Johann Georg Meyer von Bremen (28 October 1813 Bremen, Germany – 4 December 1886 Berlin), commonly known as Meyer von Bremen, was a German painter who specialized in Biblical, peasant, and family scenes.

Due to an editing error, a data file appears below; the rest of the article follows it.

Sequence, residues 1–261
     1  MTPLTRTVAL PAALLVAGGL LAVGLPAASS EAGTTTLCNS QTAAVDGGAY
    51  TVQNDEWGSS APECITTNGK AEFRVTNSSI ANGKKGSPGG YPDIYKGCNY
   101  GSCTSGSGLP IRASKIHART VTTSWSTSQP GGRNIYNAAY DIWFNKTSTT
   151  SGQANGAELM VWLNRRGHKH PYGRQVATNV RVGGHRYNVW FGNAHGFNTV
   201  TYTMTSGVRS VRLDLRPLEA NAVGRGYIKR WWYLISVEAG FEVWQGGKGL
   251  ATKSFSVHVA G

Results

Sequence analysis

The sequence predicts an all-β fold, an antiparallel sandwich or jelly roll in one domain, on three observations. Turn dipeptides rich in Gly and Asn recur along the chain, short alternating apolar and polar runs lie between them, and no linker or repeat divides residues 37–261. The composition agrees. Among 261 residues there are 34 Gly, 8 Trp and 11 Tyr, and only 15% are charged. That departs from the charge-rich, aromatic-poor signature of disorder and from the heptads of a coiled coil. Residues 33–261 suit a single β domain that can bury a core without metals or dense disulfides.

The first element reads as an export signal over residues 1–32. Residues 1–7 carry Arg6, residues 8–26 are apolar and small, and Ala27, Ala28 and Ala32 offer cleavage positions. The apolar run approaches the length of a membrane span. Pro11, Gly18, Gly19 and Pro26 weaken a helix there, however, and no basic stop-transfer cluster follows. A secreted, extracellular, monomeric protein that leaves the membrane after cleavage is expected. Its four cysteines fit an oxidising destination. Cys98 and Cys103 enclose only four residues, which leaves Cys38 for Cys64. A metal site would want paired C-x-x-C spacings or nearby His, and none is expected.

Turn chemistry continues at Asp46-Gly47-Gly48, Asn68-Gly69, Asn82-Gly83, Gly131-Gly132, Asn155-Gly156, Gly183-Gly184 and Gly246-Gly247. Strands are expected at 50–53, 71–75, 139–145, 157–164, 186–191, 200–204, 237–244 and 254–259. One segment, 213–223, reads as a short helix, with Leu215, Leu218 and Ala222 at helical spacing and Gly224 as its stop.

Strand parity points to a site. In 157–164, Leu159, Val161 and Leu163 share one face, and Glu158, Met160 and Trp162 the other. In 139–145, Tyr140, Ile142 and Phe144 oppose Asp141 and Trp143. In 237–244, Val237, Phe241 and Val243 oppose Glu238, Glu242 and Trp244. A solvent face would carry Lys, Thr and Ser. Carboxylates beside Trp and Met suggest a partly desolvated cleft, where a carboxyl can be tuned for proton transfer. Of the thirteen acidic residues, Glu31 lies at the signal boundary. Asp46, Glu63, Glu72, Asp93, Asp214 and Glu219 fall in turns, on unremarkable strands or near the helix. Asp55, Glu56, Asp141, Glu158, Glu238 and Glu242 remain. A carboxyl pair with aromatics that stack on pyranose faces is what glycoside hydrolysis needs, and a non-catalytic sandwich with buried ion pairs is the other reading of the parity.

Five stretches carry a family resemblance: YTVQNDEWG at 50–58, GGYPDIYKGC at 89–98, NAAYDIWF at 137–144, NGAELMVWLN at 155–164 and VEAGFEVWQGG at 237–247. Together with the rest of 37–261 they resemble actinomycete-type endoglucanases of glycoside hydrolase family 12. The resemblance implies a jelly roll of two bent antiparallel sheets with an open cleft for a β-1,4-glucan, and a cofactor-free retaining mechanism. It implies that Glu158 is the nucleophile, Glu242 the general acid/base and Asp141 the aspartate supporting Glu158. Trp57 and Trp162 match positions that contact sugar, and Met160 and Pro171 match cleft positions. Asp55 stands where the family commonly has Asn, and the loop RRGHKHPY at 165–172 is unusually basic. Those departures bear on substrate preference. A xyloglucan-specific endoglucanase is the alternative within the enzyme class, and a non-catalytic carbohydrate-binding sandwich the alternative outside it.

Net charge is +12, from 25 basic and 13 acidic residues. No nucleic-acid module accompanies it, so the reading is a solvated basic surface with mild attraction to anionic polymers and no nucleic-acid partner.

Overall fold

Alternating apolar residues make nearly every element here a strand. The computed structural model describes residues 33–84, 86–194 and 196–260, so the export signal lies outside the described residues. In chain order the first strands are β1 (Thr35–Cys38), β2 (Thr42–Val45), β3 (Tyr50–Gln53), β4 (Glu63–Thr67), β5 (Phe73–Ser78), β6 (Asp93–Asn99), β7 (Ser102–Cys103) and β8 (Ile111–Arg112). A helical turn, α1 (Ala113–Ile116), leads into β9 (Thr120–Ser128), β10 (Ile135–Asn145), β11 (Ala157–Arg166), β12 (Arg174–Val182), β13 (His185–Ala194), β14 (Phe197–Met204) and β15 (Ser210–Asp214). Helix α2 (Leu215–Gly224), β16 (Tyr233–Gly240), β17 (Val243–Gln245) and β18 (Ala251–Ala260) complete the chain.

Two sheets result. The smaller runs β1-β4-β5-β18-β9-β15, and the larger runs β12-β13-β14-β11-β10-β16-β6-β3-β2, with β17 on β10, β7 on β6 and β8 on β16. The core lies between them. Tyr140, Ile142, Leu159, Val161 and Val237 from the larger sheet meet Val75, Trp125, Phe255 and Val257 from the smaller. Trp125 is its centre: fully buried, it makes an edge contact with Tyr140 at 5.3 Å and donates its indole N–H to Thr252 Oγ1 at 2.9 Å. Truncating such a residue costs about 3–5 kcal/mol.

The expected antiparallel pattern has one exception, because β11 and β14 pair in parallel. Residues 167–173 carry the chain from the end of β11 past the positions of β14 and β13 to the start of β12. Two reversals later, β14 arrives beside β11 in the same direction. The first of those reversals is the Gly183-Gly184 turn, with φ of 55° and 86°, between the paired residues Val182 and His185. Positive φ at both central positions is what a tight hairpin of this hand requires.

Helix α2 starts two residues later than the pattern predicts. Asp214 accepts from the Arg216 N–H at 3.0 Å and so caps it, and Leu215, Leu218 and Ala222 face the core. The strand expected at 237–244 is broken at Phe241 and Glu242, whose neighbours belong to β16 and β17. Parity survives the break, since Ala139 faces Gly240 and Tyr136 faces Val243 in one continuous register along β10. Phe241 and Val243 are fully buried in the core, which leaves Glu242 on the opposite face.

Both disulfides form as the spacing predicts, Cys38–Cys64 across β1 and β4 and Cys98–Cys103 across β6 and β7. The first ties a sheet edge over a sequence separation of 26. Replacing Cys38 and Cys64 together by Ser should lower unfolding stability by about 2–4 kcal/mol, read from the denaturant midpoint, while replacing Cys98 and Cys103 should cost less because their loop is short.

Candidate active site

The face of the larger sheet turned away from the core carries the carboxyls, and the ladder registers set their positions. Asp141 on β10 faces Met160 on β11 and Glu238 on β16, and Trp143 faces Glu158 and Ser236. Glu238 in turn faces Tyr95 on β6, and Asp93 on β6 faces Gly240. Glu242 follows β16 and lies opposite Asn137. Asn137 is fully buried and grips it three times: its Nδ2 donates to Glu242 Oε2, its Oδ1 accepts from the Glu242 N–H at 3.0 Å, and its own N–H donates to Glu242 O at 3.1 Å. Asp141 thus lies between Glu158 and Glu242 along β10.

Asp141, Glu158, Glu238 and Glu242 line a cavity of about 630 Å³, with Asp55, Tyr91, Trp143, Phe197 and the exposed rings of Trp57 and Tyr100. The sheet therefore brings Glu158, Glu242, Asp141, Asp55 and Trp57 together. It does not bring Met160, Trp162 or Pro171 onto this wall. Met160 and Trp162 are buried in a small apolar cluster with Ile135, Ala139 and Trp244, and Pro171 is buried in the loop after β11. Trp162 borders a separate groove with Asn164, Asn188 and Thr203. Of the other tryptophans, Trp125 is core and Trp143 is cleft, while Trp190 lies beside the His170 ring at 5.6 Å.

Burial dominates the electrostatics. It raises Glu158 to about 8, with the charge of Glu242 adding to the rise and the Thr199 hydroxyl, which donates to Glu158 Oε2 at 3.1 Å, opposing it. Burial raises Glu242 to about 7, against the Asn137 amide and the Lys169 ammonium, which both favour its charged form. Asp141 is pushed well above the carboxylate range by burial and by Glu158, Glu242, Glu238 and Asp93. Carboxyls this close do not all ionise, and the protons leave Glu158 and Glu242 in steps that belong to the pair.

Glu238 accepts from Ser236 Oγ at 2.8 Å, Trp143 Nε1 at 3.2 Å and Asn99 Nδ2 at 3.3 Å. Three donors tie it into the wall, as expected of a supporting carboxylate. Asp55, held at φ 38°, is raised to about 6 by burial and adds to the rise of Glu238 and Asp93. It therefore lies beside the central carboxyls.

In his 21st year, he went to Düsseldorf and began his studies at the Academy of Art there, which was led by Friedrich Wilhelm Schadow, the son of sculptor Johann Gottfried Schadow. He is associated with the Düsseldorf school of painting. In 1841, Meyer opened a studio of his own, but moved to Berlin as his fame increased (1853). While scenes from the Bible were first the subjects of his brush, he later turned his attention to incidents from popular life, especially among the Hessian peasantry, and finally to the portrayal of family life in its pathetic aspect. Such pictures as ‘The Jubilee of a Hessian Pastor’ (1843), ‘Christmas Eve,’ ‘Blindman's Buff,’ ‘The Soldier's Return,’ ‘The Inundation’ (1846), ‘The Repentant Daughter’ (1852, in the gallery at Bremen), are full of intense sympathy with the “simple annals of the poor.” After taking up his residence at Berlin, he chose especially scenes from child life, which he rendered with spirited humor. Among his pictures of this kind are: 'The Little Flower Girl(1853)', ‘The Fairy Tale,’ ‘Children Playing Blindman's Buff,’ ‘Grandfather and Grandchild,’ and others. A third group of his pictures includes those of young women, as single figures or in groups, such as ‘The Tryst’ and ‘The Love Letter.’ An example of his work, ‘The Letter’ (1873), is in the Metropolitan Museum of Art in New York City.
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